Critiques of the Judiciary
For stealing $1 million from a trusting neighbor he promised to help, Judge Paul D. Seeman was sentenced to mere probation in lieu of jail time. It is another example of how judges shelter one another from true accountability for their heinous crimes.
Former judge who stole from elderly neighbor barred from ever working for judicial branchTHOMAS PEELEDecember 17, 2013
A former Alameda County Superior Court judge who pleaded no contest to criminal charges that he stole more than $1 million from an elderly neighbor while acting as if he was looking after her affairs is now formally barred from ever returning to the bench or working for state courts in any capacity, a judicial panel announced Monday.
Paul D. Seeman, received the maximum penalty the California Commission on Judicial Performance can impose on a former judge. "The severe sanction of a public censure and bar is necessary for the protection of the public and the reputation of the judiciary," its order states. Seeman, a judge since 2009, did not contest the punishment. He is already banned from practicing law in the state.
In August, Seeman, 59, of Berkeley, reached a deal to avoid prison time and pleaded no contest to one charge each of perjury and elder abuse. He was sentenced in October to five years probation and ordered to repay $300,000 to the estate of Anne Nutting, his former neighbor.
The plea deal took place before any formal airing of the allegation against Seeman, including a preliminary hearing. He was originally charged with 32 felonies.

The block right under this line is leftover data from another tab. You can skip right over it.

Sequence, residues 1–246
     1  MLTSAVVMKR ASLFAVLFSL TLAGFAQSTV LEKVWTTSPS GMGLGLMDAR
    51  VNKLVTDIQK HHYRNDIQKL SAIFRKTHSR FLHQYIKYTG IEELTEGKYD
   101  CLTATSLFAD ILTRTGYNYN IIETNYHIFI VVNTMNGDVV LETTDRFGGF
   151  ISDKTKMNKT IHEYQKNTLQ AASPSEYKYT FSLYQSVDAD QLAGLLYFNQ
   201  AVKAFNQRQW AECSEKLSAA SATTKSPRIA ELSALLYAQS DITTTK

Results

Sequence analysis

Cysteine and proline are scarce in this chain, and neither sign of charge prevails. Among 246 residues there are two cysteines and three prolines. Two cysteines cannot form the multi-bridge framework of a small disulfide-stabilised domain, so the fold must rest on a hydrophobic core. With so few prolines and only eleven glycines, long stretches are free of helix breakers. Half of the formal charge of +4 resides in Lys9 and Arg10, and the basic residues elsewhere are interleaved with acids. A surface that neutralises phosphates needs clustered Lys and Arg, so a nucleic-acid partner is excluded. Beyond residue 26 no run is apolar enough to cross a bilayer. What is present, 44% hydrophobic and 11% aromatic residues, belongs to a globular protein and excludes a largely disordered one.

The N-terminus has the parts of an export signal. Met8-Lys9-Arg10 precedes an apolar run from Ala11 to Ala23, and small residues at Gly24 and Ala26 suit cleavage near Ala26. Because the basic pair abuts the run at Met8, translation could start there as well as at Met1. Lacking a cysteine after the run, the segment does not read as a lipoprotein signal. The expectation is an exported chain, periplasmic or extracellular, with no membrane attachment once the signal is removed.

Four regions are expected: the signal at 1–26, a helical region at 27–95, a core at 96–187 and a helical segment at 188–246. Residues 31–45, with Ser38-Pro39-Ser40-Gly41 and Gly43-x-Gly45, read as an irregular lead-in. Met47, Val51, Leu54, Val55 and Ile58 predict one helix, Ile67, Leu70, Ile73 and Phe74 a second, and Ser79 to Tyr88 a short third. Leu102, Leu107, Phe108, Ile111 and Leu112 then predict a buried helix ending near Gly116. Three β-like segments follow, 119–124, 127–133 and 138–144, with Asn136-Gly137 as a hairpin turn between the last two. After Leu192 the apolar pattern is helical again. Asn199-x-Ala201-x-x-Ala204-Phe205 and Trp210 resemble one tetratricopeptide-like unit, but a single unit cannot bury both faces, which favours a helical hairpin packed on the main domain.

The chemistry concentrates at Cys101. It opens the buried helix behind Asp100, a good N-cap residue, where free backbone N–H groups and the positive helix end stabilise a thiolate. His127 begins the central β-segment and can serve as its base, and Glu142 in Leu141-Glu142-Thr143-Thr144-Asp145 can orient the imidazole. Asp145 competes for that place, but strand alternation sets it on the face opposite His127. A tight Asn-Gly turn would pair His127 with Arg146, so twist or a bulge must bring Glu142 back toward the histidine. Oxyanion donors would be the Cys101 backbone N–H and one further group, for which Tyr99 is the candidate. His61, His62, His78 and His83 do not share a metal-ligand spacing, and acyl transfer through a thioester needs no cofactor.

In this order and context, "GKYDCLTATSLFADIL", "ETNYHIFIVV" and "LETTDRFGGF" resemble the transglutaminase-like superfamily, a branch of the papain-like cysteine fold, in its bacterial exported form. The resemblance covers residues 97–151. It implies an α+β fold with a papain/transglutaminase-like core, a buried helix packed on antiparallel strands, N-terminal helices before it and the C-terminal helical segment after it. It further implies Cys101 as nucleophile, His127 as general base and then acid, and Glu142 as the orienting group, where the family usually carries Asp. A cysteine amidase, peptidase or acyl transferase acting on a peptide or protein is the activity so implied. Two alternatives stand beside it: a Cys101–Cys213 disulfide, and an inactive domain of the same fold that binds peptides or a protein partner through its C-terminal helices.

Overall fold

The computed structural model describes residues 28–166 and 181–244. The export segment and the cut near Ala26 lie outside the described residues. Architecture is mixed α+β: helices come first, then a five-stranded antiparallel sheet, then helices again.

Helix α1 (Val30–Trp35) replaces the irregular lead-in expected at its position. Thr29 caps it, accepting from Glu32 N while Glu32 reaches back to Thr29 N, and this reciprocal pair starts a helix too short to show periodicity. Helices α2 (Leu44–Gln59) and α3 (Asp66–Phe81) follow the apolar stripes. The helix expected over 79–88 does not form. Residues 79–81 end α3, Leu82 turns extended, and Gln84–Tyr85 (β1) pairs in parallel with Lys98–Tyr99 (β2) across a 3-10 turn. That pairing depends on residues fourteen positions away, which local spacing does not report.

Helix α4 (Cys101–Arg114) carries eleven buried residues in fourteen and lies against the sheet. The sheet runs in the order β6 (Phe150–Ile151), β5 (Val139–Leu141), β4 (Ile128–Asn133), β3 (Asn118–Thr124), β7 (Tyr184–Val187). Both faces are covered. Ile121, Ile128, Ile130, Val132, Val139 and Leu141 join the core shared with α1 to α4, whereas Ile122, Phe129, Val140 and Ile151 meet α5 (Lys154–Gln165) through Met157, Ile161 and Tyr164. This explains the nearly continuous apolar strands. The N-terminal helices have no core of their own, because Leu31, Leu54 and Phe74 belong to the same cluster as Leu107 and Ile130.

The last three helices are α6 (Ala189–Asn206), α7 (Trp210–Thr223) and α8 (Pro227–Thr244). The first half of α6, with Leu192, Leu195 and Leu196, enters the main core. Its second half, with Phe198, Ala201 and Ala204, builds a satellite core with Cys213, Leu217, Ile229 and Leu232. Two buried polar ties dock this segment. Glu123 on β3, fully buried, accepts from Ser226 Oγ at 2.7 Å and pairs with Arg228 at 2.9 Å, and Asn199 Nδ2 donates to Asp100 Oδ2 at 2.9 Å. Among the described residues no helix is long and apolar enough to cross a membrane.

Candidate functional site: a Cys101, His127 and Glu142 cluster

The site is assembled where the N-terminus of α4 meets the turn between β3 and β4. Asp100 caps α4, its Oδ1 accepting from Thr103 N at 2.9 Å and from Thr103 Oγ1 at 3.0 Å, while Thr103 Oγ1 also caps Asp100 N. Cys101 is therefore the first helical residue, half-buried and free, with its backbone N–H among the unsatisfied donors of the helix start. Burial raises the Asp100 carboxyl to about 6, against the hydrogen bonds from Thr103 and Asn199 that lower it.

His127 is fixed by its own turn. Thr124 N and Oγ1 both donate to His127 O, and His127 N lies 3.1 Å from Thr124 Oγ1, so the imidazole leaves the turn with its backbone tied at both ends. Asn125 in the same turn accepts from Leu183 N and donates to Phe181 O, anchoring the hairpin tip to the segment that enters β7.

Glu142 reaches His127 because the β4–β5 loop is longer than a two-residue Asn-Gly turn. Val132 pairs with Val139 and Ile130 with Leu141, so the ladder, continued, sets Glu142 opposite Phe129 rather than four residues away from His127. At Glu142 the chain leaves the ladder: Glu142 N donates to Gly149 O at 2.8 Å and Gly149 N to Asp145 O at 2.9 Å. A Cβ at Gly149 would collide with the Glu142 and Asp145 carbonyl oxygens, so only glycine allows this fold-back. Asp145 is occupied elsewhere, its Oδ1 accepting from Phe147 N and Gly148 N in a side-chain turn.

Prosecutors alleged Seeman systemically siphoned off Nutting's retirement accounts and stole items from her home after he had secured "durable power of attorney" over her assets in 1999 and promised to look after her. Another lawyer working for Anne Nutting eventually found that her assets had been drained away. She died in 2010 at age 97.
Seeman claimed to investigators that Nutting had loaned him $200,000. Among the charges he first faced included failing to report the loan on his annual Statement of Economic Interest, a form top government officials are required to fill out yearly, under the threat of perjury, listing their financial holdings as well as loans made and received.Copyright 2013, San Jose Mercury News
From: Thomas Peele, "Former judge who stole from elderly neighbor barred from ever working for judicial branch," San Jose Mercury News, California, December 17, 2013, http://www.mercurynews.com/salary-survey/ci_24736996/former-judeg-who-stole-from-elderly-neighbor-barred, accessed 12/17/2013. Thomas Peele can be contacted at: email@example.com. Reprinted in accordance with the "fair use" provision of Title 17 U.S.C.
§ 107for a non-profit educational purpose.
Tulanelink is grateful to attorney Gary L. Zerman for bringing this article to its attention and reminding us that: "We have allowed the judges to become the new royalty and treat us as serfs."
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